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May 12 — Nations around the world are “considering” what impact the U.S. presidential election will have on the world’s second greatest emitter’s work on climate change going forward, but the outcome of the race won't alter their efforts, the country’s top climate negotiator told reporters May 12.
Jonathan Pershing, the U.S. special envoy for climate change, said one of the “most powerful outcomes” of the 2015 international negotiations in Paris is that countries agreed to take steps to address the problem that weren't contingent upon U.S. actions.
“Their [China's] thirteenth five-year plan is not going to be withdrawn because of the U.S. presidential election,” Pershing said. “Some countries are basically saying, ‘I didn’t do my national commitment because of you. I did my national commitment because of a host of domestic pressures.’ And this applies to pretty much all of the major players.”
That's not to say countries aren't concerned about the potential election of a president who might back the U.S. out of its international commitments, Pershing said, though they are also encouraged that the business community appears to be taking climate change action seriously on its own.
“The business community seems to be acting independently of—although facilitated by—the formal agreement itself,” Pershing said. “If that continues, I don’t see any scenario in which U.S. business won’t compete in that new market and in which those new technologies won’t be part of the future of the energy system.”
Interest in the presidential race comes as nations around the world look to shift the rhetoric on the need for solutions to climate change into action. The next opportunity to maintain the momentum that emerged from Paris will be May 16 in Bonn, Germany, when delegates from nearly 200 countries will gather for the first large-scale multilateral climate negotiations since the completion of the Paris Agreement (87 ECR, 5/5/16).
Beyond maintaining momentum for climate action, Pershing said the U.S. has a number of goals during the upcoming meeting in Bonn. Those include discussions with some countries about how they would formally join the Paris Agreement and maintain inclusiveness for those nations that need longer to formally complete the process.
“Our sense is the momentum that has been created in Paris is a precious thing,” the climate envoy said. “Maintaining that and keeping that enormously positive spirit ... is really going to be a quite essential component. We're quite optimistic about this. People seem to have turned the corner—at least in our discussions with those countries we have spoken with—from being extraordinarily worried about the negotiation of the agreement to being very focused on the implementation of the agreement.”
Other goals in Bonn include making progress in a number of technical areas: establishing a mechanism for transparency—which Pershing called a “central tenet” of the agreement—and verification, helping developing countries get access to low-carbon technologies and beginning to create an instrument for evaluating the overall effectiveness of global climate change action.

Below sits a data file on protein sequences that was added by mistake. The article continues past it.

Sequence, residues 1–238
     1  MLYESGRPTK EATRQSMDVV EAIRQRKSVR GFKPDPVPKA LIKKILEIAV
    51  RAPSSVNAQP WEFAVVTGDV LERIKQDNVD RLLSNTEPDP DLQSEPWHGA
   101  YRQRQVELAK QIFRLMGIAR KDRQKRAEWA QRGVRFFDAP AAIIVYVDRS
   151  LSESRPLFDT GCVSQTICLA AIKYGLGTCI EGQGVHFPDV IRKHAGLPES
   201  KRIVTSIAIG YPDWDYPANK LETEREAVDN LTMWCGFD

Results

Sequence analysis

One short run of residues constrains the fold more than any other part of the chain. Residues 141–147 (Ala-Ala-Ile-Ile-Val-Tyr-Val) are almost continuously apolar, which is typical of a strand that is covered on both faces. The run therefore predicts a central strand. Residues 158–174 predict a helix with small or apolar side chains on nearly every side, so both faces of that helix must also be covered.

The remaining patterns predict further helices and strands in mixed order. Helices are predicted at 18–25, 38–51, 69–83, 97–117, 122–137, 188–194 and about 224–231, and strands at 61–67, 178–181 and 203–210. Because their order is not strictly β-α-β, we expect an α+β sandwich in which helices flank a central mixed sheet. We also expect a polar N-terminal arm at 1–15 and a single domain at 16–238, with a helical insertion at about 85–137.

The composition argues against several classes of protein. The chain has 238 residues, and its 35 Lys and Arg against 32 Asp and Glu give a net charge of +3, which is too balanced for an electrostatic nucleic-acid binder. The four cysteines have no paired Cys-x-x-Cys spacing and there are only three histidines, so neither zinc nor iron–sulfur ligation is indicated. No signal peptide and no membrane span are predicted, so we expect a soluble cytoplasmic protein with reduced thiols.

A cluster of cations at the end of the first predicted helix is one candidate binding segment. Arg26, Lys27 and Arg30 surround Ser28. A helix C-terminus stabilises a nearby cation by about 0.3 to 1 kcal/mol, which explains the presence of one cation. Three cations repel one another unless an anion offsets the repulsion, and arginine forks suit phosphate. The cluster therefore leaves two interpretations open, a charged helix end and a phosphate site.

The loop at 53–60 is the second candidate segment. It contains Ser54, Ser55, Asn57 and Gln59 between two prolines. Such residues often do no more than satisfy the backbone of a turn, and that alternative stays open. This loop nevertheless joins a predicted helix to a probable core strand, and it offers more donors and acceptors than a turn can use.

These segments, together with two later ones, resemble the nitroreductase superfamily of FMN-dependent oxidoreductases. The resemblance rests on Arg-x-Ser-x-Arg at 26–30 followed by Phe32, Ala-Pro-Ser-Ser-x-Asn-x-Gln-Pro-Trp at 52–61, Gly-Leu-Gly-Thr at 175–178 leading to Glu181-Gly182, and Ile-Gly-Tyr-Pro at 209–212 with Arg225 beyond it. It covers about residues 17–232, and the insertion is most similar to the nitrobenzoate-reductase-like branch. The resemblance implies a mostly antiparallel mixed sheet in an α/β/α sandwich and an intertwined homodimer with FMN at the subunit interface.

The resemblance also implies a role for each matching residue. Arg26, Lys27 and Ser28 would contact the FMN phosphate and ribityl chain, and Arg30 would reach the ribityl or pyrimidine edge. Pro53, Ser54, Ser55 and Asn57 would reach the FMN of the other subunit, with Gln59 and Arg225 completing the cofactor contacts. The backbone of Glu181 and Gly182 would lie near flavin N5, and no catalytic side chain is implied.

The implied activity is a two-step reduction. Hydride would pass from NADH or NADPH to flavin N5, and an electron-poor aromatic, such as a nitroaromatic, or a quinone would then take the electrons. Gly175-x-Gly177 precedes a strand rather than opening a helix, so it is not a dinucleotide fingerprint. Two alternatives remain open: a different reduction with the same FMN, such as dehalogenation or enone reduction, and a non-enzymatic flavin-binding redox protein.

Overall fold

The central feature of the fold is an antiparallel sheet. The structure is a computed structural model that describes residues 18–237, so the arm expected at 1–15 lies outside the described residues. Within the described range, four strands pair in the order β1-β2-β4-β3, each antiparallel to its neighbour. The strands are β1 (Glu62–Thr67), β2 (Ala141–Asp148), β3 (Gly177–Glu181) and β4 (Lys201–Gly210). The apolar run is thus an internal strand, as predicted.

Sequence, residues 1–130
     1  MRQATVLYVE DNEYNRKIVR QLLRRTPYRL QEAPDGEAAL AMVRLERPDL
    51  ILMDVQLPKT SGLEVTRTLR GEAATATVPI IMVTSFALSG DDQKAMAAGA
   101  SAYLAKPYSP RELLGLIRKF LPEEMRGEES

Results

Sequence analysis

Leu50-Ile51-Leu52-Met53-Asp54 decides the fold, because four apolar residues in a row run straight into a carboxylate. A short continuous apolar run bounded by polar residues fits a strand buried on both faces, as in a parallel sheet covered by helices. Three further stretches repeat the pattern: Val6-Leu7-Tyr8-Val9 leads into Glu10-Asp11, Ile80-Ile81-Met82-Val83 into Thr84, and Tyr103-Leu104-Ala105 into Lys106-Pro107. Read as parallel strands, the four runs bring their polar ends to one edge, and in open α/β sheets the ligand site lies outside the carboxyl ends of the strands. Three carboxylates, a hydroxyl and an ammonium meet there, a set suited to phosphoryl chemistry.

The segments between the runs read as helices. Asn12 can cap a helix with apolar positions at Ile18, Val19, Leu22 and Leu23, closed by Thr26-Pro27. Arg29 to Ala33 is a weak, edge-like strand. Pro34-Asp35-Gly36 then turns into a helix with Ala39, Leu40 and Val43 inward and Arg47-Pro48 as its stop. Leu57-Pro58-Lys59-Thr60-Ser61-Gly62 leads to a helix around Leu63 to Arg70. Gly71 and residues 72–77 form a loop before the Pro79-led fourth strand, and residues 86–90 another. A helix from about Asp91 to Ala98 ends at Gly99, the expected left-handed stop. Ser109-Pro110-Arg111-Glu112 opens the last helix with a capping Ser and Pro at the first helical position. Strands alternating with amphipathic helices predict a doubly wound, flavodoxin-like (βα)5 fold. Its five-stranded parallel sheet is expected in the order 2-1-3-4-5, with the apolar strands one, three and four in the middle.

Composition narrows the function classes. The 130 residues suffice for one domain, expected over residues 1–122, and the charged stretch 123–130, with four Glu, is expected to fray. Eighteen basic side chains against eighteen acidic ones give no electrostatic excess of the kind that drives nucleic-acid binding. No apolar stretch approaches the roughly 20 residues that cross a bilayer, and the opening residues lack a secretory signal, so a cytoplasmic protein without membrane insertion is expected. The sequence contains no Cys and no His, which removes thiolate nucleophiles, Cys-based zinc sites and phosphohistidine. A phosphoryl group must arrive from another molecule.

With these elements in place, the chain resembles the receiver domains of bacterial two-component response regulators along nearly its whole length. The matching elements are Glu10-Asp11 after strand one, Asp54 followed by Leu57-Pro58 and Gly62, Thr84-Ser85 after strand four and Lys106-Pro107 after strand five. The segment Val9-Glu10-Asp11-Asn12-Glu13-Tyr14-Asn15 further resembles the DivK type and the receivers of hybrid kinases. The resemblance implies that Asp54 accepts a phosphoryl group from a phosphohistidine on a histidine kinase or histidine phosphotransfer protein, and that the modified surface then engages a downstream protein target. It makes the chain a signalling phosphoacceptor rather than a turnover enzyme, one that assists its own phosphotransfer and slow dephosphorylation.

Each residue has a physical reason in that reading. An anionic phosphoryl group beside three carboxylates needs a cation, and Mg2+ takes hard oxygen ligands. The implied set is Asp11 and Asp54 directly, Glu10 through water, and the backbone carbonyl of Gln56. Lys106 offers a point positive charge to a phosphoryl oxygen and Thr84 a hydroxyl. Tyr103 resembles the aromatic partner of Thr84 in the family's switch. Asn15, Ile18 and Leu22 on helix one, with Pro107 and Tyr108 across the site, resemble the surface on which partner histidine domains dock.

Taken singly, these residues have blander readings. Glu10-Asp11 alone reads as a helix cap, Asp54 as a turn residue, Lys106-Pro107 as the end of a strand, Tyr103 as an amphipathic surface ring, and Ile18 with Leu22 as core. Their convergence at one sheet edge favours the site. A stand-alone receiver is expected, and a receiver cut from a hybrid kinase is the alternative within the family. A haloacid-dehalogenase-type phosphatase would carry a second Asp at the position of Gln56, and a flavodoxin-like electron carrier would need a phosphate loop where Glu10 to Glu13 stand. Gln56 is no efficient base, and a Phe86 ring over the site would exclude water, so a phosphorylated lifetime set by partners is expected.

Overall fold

Pershing also said it was critical to “mobilize private capital” in support of new technologies, adaptation assistance and other priorities.
There is ever-increasing optimism that the Paris Agreement could enter effect as soon as this year, according to Pershing. That will only happen if at least 55 nations representing at least 55 percent of global emissions formally ratify or otherwise move to join it.
“[That process] is going much faster than we anticipated when we did the negotiation,” Pershing said. “I think it's quite plausible that we could get there this year.”
With countries representing at least 50 percent of global emissions already on board or formally joining this year, just one more significant entity may be needed for the accord to go into effect. Some possibilities to get over the finish line include Russia, Brazil or the European Union bloc of countries, though Pershing said it appeared the EU might not act until 2017.
Pershing previously told Bloomberg BNA after the United Nations signing ceremony for the Paris Agreement that he could “imagine” the accord going into effect without the European Union (79 ECR, 4/25/16).
Before President Barack Obama leaves office in January 2017, Pershing said he'd like to see key components of the Paris Agreement, including transparency, financing and investment programs, “in motion.”
But an overarching goal would be having the international climate accord agreement in effect or “tantamount to doing that because we're just missing one country.”
“That would make me very happy,” Pershing said.
To contact the reporter on this story: Anthony Adragna in Washington at firstname.lastname@example.org
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